Some local politicians in Metro Vancouver opposed to ride-hailing aren't going down without a fight, despite their limited power.
Days after Surrey Mayor Doug McCallum vowed to block companies like Uber and Lyft from operating in his city, Delta Coun. Lois Jackson has brought forward a motion to also try to stop the new regulations from going ahead.
"It just seems to me there's a lot of unanswered questions," said Jackson, who was Delta's mayor for 19 years prior to choosing to run instead for council last year.
Her motion calls for an emergency resolution at the Union of B.C. Municipalities convention later this month, pushing the province to give municipalities a greater say in how ride-hailing operates — instead of obeying the current regulations set out by the Passenger Transportation Board (PTB).
"We should be involved. [The PTB] aren't an elected body. The councils are," she said.
"They know what's happening in their communities. And I just think we we're going to have to go back to the drawing board on this, and the province should see the wisdom in doing that."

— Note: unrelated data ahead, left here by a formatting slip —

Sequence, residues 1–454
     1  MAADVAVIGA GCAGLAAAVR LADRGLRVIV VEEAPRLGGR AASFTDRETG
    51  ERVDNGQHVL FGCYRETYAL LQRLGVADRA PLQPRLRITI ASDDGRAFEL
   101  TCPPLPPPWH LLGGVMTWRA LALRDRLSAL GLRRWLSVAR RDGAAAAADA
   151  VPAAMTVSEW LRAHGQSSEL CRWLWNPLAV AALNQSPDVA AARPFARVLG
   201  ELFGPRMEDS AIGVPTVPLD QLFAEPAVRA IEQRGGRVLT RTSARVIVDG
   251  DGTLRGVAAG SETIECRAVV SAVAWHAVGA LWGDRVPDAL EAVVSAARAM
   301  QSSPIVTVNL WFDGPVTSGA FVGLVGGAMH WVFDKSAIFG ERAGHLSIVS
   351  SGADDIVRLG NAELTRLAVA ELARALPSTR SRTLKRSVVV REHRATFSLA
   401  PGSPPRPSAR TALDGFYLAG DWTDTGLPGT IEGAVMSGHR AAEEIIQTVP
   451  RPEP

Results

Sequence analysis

'It's coming. It's needed'
The provincial government has ceded most of the details around ride-hailing to the Passenger Transportation Board and has made it clear municipalities will not have much authority.
"Municipalities may not ... prohibit [ride-hailing vehicles] from operating in the municipality," says the province on its website.
Jackson is still hopeful the province might intervene if enough municipalities speak out.
But her motion might not even make it through Delta council: Mayor George Harvie has spoken in favour of ride-hailing, as has councillor Dylan Kruger.
He said Delta residents are particularly hampered by a lack of ride-hailing, given the limited transit options and distance from Vancouver.
"There's no secret there's a very oversized and powerful taxi lobby, especially south of the Fraser in Delta and Surrey, that has a lot of influence, but you have to look at the facts," said Kruger.
"It's coming in. It's needed. It's important that our municipal leaders stand up for what consumers want and consumers want more options."
But Jackson hopes the power of persuasion will have an effect.
"We can set timelines to things, but I think that's a folly. Let's do it right," she said. "I'm not saying it's all bad, I'm saying we should take a sober second look."